According to a report from Dawgs247, contracts are being worked up to bring the Bulldogs and Ducks together for the first time since 1977. And if the game is being played in Atlanta, it would stand to reason the matchup between the SEC and Pac-12 programs would be part of the Chick-fil-A Kickoff Game festivities, whether the only game or one of the multiple games lined up for the early season fun. There are currently no games scheduled for 2022 as part of the Chick-fil-A Kickoff Game.
The Chick-fil-A Kickoff in Atlanta has tended to pair teams from the SEC and ACC, but a few notable exceptions have been made over the years if it means being able to bring a noteworthy program to Atlanta from outside the southeastern region of the college football map. Washington will be the first program to represent the Pac-12 in the game this season when they open the season against Auburn.
West Virginia has been the lone representative from the Big 12 to play in the game, losing to Alabama in 2014. Boise State is the only other program to play in the game from outside the power conferences, having done so twice. Boise State beat Georgia in the 2011 game and lost to Ole Miss in 2014.
Georgia has played in the Chick-fil-A Kickoff Game twice before, drawing even with one loss against Boise State in 2011 and picking up a win against North Carolina in 2016. Oregon has never played in the game.
Georgia is already scheduled for one future Chick-fil-A Kickoff Game in 2020 against Virginia of the ACC.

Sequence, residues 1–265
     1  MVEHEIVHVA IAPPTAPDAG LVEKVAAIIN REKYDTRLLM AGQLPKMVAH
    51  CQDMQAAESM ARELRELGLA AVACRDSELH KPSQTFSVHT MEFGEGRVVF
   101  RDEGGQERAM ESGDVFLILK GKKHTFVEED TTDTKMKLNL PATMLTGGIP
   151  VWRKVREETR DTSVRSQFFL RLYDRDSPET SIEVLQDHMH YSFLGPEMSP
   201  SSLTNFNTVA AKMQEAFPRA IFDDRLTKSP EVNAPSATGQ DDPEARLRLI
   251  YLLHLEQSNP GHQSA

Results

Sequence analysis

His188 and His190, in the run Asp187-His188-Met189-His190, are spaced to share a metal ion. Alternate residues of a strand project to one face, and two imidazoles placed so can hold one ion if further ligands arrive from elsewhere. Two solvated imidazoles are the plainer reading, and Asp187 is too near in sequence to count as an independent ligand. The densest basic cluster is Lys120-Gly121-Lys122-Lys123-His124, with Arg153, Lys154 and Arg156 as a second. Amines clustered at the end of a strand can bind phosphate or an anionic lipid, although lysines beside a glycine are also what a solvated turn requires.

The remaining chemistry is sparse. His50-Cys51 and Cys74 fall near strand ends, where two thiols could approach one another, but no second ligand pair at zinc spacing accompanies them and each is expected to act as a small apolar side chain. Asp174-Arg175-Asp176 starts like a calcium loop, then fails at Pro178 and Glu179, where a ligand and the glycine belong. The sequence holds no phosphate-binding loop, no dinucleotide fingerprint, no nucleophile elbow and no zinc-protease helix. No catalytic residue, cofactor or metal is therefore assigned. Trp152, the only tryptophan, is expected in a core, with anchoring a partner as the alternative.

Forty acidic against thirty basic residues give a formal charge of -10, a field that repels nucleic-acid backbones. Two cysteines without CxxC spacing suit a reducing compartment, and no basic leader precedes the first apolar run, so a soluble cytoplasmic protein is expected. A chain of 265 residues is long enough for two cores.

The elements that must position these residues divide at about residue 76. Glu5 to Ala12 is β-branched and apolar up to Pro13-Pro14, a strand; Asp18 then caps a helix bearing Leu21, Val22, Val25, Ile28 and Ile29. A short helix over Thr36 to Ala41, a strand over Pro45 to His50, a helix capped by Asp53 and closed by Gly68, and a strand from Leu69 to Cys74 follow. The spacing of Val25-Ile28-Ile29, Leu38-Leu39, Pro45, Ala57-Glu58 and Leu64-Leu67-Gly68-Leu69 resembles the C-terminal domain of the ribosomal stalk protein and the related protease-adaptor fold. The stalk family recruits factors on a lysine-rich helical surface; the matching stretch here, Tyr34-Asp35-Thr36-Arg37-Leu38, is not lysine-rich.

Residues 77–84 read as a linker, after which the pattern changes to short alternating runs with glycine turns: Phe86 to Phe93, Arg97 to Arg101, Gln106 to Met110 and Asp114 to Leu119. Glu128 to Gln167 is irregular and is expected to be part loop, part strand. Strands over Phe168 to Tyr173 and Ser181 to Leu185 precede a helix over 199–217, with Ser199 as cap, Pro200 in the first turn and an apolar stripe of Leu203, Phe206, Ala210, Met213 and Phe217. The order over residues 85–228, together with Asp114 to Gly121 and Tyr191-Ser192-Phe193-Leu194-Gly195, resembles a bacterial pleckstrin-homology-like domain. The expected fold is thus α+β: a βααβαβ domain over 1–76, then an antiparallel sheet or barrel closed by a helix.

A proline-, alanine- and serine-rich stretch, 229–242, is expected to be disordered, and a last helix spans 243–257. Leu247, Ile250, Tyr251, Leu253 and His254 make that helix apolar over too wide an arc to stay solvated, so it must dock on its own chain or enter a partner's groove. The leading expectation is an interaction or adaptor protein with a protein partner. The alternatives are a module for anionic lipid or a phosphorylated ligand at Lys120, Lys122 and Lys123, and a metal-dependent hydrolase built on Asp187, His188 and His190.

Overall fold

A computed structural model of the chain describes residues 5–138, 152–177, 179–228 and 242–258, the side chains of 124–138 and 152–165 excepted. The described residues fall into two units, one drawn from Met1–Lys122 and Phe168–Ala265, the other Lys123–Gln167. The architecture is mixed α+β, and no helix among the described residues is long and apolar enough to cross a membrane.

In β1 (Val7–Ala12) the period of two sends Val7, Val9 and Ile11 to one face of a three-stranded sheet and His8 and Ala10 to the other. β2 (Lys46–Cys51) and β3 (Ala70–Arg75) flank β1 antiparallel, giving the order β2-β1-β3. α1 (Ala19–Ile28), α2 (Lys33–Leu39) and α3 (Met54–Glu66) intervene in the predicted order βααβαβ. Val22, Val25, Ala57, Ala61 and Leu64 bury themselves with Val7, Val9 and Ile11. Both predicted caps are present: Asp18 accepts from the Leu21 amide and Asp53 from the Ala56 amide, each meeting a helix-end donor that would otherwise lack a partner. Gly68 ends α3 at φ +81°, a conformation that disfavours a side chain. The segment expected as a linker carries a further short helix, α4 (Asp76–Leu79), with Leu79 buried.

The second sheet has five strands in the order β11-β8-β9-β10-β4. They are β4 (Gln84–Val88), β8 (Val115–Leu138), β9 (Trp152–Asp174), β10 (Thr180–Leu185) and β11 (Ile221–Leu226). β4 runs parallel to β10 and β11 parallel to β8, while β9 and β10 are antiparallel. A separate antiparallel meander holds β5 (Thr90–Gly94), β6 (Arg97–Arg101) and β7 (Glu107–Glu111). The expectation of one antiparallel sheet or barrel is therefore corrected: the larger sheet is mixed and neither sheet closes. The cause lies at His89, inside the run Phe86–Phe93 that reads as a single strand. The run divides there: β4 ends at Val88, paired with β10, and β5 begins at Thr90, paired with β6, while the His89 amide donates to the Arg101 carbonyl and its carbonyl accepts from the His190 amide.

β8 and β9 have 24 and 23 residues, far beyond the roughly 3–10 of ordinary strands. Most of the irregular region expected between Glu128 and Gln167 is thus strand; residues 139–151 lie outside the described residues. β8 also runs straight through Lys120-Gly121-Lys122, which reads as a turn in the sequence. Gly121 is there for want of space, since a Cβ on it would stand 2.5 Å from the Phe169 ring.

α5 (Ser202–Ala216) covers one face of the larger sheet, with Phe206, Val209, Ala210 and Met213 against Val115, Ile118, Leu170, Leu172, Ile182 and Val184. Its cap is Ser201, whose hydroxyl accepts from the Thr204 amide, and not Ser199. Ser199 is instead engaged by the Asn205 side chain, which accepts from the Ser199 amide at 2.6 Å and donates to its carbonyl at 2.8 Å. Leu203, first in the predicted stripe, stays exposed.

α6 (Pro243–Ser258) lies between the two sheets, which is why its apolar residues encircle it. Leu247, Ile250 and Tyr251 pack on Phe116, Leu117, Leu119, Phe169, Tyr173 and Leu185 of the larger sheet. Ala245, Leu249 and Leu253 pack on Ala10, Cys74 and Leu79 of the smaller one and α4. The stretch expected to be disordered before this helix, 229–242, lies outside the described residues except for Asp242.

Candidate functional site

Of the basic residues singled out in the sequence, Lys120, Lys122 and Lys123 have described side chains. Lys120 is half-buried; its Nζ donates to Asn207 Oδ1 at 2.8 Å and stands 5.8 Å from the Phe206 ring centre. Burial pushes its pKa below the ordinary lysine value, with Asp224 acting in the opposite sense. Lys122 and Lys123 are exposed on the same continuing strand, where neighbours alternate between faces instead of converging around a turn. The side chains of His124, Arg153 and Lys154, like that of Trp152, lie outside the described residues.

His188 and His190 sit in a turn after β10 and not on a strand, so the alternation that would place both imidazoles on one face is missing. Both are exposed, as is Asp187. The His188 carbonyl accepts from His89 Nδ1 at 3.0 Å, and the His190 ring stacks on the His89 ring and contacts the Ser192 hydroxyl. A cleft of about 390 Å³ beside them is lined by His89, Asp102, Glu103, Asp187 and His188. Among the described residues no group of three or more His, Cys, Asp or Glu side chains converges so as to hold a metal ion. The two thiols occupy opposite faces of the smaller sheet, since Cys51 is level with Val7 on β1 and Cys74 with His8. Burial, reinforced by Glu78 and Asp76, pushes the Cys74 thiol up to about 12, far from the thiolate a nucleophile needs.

Future Chick-fil-A Kickoff Games:
- 2018: Auburn vs. Washington
- 2019: Alabama vs. Duke
- 2020: Florida State vs. West Virginia
- 2020: Georgia vs. Virginia
- 2020: Auburn vs. North Carolina
- 2021: Alabama vs. Miami
- 2021: Louisville vs. Ole Miss
The moment when a player receives a surprise scholarship among the company of his teammates is never one that gets old watching, and you have to give it to coaches and programs finding new ways to always keep these moments as special as they can. Recently, Troy long snapper Cameron Kaye was surprised with a scholarship at the end of a practice, and his mother was the one to hand over the official paperwork.
As Troy head coach Neal Brown says in the video, Kaye started every game Troy played a season ago and has earned a 3.0 GPA as an exercise science major.
Kaye announced he had received his full scholarship offer on Friday, two days prior to Troy’s video team releasing the video included in this post.